Nominations for the 2015-2016 Executive Leadership in Academic Medicine (ELAM) Fellowship are now being accepted. ELAM’S yearlong program develops the professional and personal skills needed to lead and manage in today’s complex health care environment, with special attention to the particular challenges facing women faculty in leadership positions. More than 700 women leaders have participated in the program since its inception in 1995. The University of Colorado has been represented in each fellowship class for the past eight years. Nominations, including a CV and a short letter of interest, are due to by Tuesday, Oct. 7. 

The Health Acceleration Challenge is seeking applications through Monday, Sept. 29. This is an opportunity to share ideas that have the potential to improve health care delivery. The goal of the program is to help move good ideas faster into the health care marketplace. Sponsored by the Forum on Health Care Innovation, which is a collaboration between Harvard Business School and Harvard Medical School, the program seeks ideas that improve quality and reduce costs. The finalists will be invited to an invitation-only conference in April 2015 and will split a $150,000 award.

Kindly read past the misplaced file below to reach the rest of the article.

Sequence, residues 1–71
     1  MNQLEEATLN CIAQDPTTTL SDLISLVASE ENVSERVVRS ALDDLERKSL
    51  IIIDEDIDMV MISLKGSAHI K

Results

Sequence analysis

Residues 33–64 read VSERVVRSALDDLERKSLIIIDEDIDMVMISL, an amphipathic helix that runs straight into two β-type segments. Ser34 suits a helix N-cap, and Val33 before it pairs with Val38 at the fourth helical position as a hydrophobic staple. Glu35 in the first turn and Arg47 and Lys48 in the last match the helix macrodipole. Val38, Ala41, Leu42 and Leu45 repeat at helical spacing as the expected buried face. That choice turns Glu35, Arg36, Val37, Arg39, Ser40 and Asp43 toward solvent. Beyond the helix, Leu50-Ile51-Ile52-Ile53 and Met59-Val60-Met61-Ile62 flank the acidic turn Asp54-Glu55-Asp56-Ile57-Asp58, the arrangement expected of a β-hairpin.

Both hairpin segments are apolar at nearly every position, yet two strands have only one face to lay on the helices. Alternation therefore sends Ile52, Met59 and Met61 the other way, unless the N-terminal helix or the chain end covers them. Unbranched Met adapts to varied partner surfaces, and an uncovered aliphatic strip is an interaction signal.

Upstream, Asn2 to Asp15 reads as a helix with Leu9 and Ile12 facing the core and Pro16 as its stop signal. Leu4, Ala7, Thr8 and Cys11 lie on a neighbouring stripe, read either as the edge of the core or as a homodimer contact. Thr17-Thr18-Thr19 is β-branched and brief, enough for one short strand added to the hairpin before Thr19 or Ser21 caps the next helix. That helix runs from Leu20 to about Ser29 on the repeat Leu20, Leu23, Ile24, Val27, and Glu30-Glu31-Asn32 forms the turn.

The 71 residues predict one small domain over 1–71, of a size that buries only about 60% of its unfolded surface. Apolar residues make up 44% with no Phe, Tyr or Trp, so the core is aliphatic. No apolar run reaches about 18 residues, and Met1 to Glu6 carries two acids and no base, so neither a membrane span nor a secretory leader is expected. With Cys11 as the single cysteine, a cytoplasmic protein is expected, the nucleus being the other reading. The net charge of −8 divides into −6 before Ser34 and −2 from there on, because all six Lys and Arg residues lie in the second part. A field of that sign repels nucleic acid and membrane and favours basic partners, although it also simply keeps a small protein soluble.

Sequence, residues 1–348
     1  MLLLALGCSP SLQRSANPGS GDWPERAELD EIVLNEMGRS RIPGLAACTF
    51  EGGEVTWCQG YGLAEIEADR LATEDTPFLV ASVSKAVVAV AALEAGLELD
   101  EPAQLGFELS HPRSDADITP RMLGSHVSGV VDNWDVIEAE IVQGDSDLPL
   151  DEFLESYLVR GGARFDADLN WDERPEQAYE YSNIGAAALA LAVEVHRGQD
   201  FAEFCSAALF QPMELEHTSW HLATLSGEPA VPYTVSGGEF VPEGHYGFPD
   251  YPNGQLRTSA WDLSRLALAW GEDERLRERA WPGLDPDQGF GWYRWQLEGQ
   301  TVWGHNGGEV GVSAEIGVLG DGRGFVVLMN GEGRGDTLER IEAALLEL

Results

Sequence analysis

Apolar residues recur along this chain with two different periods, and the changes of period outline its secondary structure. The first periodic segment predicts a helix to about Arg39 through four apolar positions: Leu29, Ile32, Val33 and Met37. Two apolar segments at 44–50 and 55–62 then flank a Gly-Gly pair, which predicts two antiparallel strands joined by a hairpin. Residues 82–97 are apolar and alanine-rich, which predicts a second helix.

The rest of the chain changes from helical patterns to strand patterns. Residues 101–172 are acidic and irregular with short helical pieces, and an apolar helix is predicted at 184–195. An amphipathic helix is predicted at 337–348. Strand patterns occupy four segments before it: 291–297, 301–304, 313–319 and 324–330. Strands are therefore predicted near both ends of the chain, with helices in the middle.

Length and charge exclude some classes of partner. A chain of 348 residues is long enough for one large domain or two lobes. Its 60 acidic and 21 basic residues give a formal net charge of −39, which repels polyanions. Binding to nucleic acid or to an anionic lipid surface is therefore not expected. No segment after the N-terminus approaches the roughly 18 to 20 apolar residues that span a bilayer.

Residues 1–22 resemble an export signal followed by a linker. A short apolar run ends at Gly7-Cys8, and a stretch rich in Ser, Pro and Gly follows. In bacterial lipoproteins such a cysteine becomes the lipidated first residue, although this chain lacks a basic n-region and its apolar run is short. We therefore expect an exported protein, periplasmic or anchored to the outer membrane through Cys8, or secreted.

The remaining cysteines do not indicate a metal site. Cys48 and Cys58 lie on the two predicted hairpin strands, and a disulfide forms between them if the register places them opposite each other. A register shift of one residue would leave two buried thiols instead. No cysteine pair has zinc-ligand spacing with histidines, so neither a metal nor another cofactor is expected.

A major report from the Institute of Medicine, “Dying in America: Improving Quality and Honoring Individual Preferences near the End of Life,” was released last week. The report finds that improving quality and availability of medical and social services for patients and their families could enhance quality of life through the end of life and contribute to a more sustainable care system. Jean Kutner, MD, MSPH, associate dean for clinical affairs at the School of Medicine and chief medical officer at University of Colorado Hospital, served on the 21-member committee that authored the report, which attracted attention in the media